A scone makes a delicious unadorned accompaniment to a well made cup of coffee. However, you can always gild the lily by topping them with butter, jam, lemon curd, or clotted cream. If you want to make sandwiches, split the scones in half and spread both sides with good quality Dijon mustard. Layer on thinly sliced or, better, shaved smoked turkey. Find a likely picnic spot using your own criteria for perfection. Enjoy.
To waffle: v. British informal; to talk incessantly or foolishly; prattle; engage in double talk.
I don’t know what to say about the American Democratic party these days. Apparently, Democratic politicians don’t know what to say either, so they just keep saying a bunch of nonsense, hoping to sound attractive to someone out there. They definitely don’t sound attractive to me. Why is it that everytime there’s some setback somewhere, the party interprets the political message as “head to the center?” The fools are waffling, I think.
And I wish they would stop it.
Instead, maybe they could just make waffles. It’s easy enough to do and much more productive. So, here’s a recipe for all of the Congressional Democrats (and for those of you higher up the food chain as well). You’ll need to start the night before. Plan ahead.
Waffles for Democrats
2 cups all-purpose flour
1 package of yeast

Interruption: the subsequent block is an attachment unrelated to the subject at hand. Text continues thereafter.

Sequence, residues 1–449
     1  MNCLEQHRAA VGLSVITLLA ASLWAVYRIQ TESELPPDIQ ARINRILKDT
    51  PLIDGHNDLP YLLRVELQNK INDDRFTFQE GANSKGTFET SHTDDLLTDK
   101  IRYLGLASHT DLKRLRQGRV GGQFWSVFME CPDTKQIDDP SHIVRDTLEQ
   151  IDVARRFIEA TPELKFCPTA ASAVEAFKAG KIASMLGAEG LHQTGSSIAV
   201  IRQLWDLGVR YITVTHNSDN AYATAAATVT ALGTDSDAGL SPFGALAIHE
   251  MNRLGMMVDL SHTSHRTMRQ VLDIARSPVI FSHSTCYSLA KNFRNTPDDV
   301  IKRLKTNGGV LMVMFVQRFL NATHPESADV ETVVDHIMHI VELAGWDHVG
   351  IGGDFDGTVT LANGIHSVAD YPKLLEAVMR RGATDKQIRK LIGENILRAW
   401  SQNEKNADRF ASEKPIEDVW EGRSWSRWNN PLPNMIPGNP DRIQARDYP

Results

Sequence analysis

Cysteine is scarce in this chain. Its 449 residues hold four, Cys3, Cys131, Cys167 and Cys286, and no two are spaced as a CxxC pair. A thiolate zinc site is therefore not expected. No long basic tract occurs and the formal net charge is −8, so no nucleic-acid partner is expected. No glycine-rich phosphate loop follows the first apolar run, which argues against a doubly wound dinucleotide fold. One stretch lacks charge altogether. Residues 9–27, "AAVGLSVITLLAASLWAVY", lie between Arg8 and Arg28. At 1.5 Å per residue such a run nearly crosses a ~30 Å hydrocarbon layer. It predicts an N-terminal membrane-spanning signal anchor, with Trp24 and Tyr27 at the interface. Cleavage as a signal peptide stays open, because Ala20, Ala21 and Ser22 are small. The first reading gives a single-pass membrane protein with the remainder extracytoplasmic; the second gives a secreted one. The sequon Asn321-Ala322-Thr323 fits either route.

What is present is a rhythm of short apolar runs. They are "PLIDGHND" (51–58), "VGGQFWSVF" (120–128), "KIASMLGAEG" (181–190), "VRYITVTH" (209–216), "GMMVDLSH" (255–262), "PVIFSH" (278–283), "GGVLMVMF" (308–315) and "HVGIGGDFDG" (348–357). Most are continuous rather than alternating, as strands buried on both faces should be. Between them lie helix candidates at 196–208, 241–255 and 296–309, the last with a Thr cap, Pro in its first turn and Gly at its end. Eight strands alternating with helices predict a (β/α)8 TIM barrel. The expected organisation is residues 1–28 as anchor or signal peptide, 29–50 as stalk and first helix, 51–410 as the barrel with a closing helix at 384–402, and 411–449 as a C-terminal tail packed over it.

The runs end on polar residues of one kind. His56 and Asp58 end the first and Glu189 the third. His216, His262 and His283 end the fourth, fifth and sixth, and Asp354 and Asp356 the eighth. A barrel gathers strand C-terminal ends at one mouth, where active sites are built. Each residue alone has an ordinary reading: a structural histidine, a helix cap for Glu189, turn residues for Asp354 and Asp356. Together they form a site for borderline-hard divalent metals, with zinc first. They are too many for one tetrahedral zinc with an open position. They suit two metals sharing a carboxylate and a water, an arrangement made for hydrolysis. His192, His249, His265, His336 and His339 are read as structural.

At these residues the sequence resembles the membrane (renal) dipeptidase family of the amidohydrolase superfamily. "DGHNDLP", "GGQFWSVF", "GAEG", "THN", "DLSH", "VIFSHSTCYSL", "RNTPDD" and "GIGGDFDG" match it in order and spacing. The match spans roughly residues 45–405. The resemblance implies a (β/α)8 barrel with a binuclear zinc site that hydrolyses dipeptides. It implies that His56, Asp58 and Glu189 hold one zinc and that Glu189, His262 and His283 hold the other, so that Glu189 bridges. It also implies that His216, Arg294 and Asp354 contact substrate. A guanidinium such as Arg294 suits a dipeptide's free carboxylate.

1 tbs. sugar
1 tsp. salt
1.5 sticks of butter, melted
1 cup of whole milk
1 tsp. cinnamon
1/2 tsp. ground cloves
1/2 tsp. freshly grated nutmeg
The freshly grated peel of one orange
3 eggs, room temperature — ahem — separated
In a large bowl, mix together all the ingredients, save the eggs. Cover the bowl with a clean dish towel or plate and keep it overnight in a place full of hot air. Like maybe your briefcases.
In the morning, beat the egg whites in a stand mixer until they hold stiff peaks. Meanwhile, gently mix the yolks into the waffle batter. Next, carefully, fold the egg whites into the batter. Don’t deflate the egg whites as you’ve deflated your own legislative prospects with a year’s worth of incessant waffling.
Cook the batter in a waffle iron according to the manufacturer’s directions. This recipe makes enough waffles for five Democratic members of Congress, assuming 2 per stooge. You don’t really deserve that many, so don’t even think of asking for more. Top with butter and maple syrup. Now, sit down, shut up for a bit, and eat.
When you’ve finished, stop all of your tiresome waffling and go pass meaningful health care reform legislation. Hell, even the Senate version is better than nothing (and I can’t belive you morons have forced me to say that).